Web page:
Everyone whose job it is to sit through runway after runway, day after day, sooner or later has a day where they’re not sure whether what they’re seeing is real or if their imagination has started making up things just to alleviate the boredom. Today was that day for a lot of people. The question at hand was this: Did we, or did we not see a man on the runway posing as a woman? The answer was yes. Twice.
The reason for the comparatively hairy set of legs on the catwalk comes with a story, as it should. When designer Erdem Moralioglu and his partner, Philip Joseph, bought a house in Bloomsbury recently, they discovered a plaque just around the corner dedicated to two sisters, Fanny and Stella. Only the two weren’t sisters. Nor were they women. They were Frederick Park and Ernest Boulton, celebrated cross-dressers. Socially, they were well known and very much celebrated. They did not hide who they were. In fact, they were arrested at one point for “conspiring and inciting persons to commit an unnatural offense” There were acquitted of that charge. They also raised a ruckus by insisting that they be allowed to use the women’s restroom. They took a dramatic stand for Queer people everywhere.
In the 1860s.
That’s right, as much as the tale of Stella and Franny sounds like one of recent events, they were out and proud during the otherwise highly restrictive Victorian era. Erdem new that their story had to be the inspiration for his Spring collection and it just wouldn’t have been right to not have included two men in the lineup without necessarily telling anyone. Had it not been for the absence of shaving their legs, I rather doubt anyone would have noticed. They’re almost impossible to pick out in the photographs.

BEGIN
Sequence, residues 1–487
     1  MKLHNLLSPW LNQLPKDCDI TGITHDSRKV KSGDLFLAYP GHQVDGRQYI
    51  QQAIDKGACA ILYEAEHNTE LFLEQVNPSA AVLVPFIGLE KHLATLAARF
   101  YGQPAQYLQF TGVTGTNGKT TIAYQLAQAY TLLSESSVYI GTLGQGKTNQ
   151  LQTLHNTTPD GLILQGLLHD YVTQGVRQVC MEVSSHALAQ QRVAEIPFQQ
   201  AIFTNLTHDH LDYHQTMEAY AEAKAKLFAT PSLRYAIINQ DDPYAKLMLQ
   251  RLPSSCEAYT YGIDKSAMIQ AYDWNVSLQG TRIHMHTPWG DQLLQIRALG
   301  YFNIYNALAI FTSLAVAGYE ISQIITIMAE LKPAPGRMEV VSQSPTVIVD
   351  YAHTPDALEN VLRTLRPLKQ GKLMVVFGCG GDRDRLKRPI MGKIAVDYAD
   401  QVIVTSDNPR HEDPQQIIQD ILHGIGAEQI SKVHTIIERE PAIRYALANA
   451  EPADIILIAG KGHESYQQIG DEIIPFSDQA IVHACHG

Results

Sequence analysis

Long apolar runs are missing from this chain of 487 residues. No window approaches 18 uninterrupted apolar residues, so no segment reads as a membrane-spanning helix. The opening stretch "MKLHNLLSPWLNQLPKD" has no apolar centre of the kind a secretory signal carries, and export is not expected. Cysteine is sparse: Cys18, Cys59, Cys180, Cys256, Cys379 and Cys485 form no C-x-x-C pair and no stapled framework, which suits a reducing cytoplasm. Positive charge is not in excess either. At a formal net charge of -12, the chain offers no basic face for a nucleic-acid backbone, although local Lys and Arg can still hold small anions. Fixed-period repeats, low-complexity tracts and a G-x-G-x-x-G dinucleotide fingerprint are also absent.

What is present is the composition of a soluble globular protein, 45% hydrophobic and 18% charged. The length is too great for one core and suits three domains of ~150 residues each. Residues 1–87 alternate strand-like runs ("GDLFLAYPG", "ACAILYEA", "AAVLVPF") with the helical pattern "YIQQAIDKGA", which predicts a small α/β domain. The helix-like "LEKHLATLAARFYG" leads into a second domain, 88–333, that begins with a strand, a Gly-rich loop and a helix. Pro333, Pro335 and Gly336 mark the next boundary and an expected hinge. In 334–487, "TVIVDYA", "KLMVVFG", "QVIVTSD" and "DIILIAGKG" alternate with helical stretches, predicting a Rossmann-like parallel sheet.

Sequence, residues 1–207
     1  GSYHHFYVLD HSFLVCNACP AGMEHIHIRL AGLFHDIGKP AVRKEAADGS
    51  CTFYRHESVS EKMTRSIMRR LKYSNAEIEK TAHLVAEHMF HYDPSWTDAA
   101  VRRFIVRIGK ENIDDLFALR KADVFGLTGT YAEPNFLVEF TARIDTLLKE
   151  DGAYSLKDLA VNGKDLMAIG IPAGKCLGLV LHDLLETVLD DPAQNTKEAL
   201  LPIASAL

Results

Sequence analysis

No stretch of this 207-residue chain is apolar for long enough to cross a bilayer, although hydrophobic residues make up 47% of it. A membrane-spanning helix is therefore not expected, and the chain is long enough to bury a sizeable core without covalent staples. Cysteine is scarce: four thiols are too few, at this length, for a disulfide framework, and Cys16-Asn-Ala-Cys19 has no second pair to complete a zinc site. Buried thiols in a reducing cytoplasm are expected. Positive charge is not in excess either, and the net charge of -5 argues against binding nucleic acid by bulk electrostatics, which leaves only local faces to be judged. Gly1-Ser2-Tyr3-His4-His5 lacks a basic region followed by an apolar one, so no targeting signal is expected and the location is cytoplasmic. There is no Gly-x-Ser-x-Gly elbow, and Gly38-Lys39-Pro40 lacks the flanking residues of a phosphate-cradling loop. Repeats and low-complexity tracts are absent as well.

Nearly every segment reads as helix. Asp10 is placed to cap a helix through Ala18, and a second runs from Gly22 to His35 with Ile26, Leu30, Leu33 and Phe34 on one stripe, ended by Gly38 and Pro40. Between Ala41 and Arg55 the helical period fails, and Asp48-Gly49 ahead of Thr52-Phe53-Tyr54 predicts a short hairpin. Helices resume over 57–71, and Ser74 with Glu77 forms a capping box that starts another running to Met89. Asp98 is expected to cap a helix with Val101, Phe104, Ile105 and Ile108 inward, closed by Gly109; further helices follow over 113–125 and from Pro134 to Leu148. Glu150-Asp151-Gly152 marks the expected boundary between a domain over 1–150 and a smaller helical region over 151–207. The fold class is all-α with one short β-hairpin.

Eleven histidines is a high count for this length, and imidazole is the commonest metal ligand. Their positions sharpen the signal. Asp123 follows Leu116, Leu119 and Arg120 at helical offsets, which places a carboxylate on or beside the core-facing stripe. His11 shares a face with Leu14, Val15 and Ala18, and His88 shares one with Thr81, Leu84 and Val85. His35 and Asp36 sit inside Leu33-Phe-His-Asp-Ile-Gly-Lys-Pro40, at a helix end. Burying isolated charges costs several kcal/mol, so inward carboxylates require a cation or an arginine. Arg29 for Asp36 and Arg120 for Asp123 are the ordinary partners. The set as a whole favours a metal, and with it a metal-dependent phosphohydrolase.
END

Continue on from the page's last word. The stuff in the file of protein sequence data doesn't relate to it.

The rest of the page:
As a result, we get a collection full of Victorian references. Oh look, there are more wide-brimmed hats with veils covering the whole head. Strong tailoring, both masculine and feminine, and multiple floral patterns (including one magnificent blurred rose print) are as trendy today as they were when the subjects of Queen Victoria and Prince Albert were wandering the streets of London. Narrow waists were punctuated by broad shoulder pads and one needed to really watch for the dramatic lapel work present on several pieces.
Here are some samples from the collection.
Oh, if only every collection came with such an entertaining source story. If only every collection came with such impressive suiting and delicious jacquards. Personally, I could do without the giant bows on the backs of dresses but that’s because I’m surrounded by mean people who would pull on the ribbons.
There is a lot of talk in the fashion world about gender fluid and non-gender-specific dressing. This Erdem collection rachet the volume up a couple of notches and provides a solid foundation for just how long the issue has been present. Cross-dressing isn’t something anyone needs to fear or avoid. Let’s hope this is the opening of a door to a new attitude that welcomes a surprisingly large group of new customers.